,,Me Somewhere Else,, is focus exhibition in Royal Museums of Fine Arts of Belgium by Japanese installation artist Chinaru Shiota. This spectacular installations transform the spaces in which they unfold, and immerse the visitor in the artist’s universe. They combine textile materials such as wool and cotton with various elements, sculpted shapes or used objects.
The artist combines performance, body art and installation in a process that places the body at its center. Her protean artistic practice explores the notions of temporality, movement, memory and dream; and requires both the mental and physical involvement of the spectator. Chiharu Shiota’s highly acclaimed participation in the Venice Biennale, where she represented Japan in 2015, confirmed the international scope of her work. Presented in the Bernheim room, Me Somewhere Else (2018), a work of great visual strength, occupies a very special place in the artist’s production. Shiota talks about her fight against her illness, and the certainty that her mind will survive her body. “Before I was diagnosed with cancer I thought that if I die, everything about me is going to die; I am going to die, but now I know only my body dies – not my mind. My mind remains somewhere else.”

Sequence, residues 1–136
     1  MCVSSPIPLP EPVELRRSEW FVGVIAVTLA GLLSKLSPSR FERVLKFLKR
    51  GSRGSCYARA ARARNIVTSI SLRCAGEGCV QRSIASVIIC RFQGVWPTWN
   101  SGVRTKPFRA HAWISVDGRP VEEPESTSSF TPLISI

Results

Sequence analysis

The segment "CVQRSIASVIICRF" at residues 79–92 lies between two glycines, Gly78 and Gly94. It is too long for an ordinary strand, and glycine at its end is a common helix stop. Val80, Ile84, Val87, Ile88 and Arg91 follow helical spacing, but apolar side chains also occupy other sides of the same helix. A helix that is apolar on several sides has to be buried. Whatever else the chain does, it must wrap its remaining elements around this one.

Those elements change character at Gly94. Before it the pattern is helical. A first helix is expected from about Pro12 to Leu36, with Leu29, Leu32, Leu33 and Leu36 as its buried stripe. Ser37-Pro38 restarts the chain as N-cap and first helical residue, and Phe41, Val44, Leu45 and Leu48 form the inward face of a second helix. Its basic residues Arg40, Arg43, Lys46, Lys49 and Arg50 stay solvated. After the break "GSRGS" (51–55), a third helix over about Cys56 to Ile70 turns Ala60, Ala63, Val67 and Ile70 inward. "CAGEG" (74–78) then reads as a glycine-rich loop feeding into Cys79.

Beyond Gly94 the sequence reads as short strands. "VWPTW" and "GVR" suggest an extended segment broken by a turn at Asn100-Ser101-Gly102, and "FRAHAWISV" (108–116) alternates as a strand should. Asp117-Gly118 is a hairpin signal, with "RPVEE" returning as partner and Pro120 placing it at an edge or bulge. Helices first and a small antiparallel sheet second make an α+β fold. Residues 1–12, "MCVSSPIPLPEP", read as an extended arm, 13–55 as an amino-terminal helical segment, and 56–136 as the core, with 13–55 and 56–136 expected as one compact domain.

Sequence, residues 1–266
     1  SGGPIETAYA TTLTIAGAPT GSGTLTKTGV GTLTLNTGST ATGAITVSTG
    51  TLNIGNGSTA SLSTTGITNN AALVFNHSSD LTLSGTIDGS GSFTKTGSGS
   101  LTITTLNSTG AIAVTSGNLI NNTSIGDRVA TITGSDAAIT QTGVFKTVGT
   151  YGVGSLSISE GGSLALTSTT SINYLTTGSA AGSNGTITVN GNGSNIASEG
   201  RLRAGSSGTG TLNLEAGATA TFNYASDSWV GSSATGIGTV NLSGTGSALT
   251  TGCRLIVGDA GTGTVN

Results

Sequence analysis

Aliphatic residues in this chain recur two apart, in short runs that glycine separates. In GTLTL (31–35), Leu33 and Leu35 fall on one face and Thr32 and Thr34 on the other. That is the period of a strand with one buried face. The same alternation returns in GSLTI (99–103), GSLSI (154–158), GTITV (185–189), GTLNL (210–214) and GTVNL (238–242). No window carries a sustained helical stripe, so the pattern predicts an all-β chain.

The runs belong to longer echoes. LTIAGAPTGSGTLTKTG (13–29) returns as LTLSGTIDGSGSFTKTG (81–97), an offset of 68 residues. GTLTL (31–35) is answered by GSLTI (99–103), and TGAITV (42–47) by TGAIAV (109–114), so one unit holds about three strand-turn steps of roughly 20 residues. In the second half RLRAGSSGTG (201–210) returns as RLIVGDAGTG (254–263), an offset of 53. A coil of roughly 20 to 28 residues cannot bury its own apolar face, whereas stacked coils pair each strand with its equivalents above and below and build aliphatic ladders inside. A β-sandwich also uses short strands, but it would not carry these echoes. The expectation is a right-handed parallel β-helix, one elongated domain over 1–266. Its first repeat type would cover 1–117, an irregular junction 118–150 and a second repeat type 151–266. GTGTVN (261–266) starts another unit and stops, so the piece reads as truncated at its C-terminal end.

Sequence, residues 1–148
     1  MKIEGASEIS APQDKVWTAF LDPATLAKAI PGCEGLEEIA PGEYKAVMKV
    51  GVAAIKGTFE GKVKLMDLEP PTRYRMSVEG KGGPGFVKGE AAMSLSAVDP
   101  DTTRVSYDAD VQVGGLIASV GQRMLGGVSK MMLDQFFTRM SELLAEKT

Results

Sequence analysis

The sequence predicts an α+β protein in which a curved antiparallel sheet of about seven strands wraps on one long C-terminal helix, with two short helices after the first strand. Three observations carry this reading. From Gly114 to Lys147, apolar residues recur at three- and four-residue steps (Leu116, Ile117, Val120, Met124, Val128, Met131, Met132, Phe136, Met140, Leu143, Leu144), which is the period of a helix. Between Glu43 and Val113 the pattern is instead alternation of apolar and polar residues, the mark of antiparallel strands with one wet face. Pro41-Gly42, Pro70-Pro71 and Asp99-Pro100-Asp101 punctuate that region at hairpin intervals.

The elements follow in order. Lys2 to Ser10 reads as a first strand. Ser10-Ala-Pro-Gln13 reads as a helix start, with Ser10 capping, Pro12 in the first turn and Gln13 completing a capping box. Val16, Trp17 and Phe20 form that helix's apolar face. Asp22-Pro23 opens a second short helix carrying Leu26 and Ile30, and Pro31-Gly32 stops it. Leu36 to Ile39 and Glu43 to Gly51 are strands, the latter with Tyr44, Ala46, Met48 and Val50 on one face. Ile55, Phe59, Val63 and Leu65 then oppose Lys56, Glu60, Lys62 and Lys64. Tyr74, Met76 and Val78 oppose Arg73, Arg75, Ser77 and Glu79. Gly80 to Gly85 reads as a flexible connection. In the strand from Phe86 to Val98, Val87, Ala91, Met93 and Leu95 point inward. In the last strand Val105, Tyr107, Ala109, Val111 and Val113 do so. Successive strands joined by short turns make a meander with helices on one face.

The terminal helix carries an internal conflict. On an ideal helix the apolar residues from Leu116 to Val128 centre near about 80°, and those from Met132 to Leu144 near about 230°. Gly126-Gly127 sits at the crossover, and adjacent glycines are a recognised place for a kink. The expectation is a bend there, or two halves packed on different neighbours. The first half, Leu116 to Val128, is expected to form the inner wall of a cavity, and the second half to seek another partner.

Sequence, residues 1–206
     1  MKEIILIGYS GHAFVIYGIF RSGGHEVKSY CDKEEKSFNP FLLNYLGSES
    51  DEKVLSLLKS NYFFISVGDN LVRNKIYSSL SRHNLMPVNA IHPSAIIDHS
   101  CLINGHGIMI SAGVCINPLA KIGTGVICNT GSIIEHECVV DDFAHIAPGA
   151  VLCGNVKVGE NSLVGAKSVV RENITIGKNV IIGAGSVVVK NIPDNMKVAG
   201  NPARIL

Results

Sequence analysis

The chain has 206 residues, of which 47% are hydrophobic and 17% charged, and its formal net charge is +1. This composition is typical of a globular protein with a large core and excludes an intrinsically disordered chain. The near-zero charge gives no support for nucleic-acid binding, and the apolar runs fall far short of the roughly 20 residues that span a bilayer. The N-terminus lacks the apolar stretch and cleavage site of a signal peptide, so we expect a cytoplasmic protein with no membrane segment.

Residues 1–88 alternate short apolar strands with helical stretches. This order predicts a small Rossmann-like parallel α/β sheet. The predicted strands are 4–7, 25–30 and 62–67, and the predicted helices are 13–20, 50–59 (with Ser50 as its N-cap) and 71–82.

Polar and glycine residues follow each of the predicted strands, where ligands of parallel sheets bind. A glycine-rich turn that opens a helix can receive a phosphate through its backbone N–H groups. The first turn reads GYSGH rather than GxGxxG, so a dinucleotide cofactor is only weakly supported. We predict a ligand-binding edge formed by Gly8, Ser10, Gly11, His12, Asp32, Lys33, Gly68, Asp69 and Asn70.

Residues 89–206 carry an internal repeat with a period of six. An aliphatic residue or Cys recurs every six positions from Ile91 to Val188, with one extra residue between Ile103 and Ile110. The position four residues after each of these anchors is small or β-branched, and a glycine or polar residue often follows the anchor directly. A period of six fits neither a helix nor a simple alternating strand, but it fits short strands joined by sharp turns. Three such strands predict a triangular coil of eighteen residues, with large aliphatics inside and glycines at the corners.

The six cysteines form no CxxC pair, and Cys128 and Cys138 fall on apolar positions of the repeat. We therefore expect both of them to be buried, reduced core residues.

You can visit this exhibition in Brussels from October 11. 2019. to February 9. 2020. Beside ,,Me Somewhere Else,, exhibition, in Museums of Fine Arts in Brussels you can visit numerous temporary and special exhibitions. One of the main attributes of Museums permanent exhibition is art of Pieter Bruegel, the most significant artist of Dutch and Flemish Renaissance painting, a painter and print maker from Brabant, known for his landscapes and peasant scenes
The collection of the Royal Museums of Fine Arts of Belgium covers a period extending from the 15th to the 21st centuries. It provides a vast overview of western art, with remarkable ensembles of works of artists from Belgium or from the former Southern Netherlands. Composed mainly of paintings, sculptures, drawings and prints, it also includes, in particular through donations or deposits, items of decorative arts and furniture along with a small number of non-European works.